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Oil market slide on oversupply woes

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World oil prices fell on Thursday, after solid gains the previous day, as dealers fretted again over swelling US crude inventories adding to the global supply glut.

[LONDON] World oil prices fell on Thursday, after solid gains the previous day, as dealers fretted again over swelling US crude inventories adding to the global supply glut.

European benchmark Brent North Sea crude for April delivery dipped 63 cents to US$61.00 per barrel in London late afternoon deals.

New York's West Texas Intermediate (WTI) for April dived US$1.72 to US$49.27 a barrel.

The US government's Department of Energy (DoE) said Wednesday that crude inventories rose 8.4 million barrels in the week ending February 20 to a record 434.1 million barrels, more than double the increase expected.

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"There are modest signs of a recovery in global demand from the likes of Europe and China - but in the United States, stockpiles are increasingly rapidly as supply still outstrips demand," said CMC Markets analyst Jasper Lawler.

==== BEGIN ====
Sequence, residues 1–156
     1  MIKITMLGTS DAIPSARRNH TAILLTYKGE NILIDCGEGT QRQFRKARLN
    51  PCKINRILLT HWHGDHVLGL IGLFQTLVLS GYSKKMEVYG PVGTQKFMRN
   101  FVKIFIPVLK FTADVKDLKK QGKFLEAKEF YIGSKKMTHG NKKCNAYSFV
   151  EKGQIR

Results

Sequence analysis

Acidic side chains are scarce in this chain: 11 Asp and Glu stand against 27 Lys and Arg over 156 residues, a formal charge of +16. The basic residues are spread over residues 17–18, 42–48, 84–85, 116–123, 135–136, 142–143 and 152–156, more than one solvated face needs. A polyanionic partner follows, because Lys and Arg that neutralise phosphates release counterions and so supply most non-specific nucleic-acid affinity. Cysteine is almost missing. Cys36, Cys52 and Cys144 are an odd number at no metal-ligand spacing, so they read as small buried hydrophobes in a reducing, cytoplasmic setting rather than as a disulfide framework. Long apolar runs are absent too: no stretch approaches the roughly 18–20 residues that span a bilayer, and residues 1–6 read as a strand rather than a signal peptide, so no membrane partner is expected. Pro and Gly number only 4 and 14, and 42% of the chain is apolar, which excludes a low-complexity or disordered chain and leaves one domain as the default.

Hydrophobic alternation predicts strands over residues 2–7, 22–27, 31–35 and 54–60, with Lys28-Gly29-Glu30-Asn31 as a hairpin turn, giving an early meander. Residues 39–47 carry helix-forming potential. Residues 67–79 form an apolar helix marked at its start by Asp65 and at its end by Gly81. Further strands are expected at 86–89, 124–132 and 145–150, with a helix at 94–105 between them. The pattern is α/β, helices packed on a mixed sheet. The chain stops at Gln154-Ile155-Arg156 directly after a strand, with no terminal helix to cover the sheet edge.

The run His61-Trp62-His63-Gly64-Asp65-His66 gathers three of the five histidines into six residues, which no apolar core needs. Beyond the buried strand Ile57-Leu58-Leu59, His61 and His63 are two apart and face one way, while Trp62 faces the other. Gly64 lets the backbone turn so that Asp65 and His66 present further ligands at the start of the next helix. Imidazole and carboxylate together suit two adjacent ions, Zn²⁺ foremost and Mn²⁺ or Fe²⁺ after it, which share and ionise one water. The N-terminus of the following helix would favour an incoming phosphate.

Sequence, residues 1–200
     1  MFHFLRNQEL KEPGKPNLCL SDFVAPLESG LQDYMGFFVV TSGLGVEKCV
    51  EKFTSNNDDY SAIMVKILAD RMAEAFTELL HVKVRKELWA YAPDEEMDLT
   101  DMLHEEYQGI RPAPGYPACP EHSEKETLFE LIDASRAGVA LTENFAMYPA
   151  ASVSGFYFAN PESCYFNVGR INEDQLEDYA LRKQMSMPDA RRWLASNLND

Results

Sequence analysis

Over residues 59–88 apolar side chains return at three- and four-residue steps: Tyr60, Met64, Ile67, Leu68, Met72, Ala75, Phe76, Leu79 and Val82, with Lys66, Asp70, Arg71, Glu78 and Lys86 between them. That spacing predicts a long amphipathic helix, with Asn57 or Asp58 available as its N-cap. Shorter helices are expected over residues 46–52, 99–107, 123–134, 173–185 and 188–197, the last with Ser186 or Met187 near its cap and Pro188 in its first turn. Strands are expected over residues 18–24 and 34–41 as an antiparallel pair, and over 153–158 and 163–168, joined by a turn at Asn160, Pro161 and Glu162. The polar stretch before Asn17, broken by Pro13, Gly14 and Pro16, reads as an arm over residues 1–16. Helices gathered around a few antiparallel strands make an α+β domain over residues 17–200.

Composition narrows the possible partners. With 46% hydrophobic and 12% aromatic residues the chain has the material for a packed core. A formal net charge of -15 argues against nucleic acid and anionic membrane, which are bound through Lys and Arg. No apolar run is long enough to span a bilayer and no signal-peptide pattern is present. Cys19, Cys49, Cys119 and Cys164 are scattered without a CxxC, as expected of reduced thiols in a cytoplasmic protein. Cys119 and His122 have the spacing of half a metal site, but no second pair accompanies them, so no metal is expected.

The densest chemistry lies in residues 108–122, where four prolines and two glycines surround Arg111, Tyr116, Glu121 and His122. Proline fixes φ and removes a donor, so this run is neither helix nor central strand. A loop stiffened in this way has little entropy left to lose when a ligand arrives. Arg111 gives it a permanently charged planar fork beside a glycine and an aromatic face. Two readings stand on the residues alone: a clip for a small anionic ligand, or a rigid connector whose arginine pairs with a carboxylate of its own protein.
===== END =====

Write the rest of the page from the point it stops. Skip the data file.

Crude futures had rebounded sharply Wednesday as traders focused on positive aspects of the weekly US energy report.

The DoE reported that stockpiles of distillates, which include diesel and heating fuel, slid 2.7 million barrels last week, while gasoline reserves sank by 3.1 million, signalling solid demand.

Analysts said prices were also supported Wednesday by upbeat comments from Ali Al-Naimi, the oil minister of major oil producer Saudi Arabia.

Oil demand is growing and the market has turned "calm", Al-Naimi told reporters after a speech at a conference in the kingdom on Wednesday, Bloomberg News reported.

Saudi Arabia is the biggest and most influential member of the Organization of the Petroleum Exporting Countries (Opec), which in November decided to maintain output levels despite a global oversupply.

The move had sent prices tumbling to six-year lows of just over US$40 at the end of January, before recovering slightly following a drop in US oil rig utilisation and reduced future investments by oil majors.

Elsewhere, investors are also keeping a close watch on Greece's debt crisis as well as rising violence in oil producer Libya.

"With temporary resolution of the Greek crisis and significant drop in production from Libya due to escalation of tensions, risk of sharp fall in prices during the next two weeks is limited," said Sanjeev Gupta, head of the Asia-Pacific Oil & Gas practice at professional services organisation EY.

AFP

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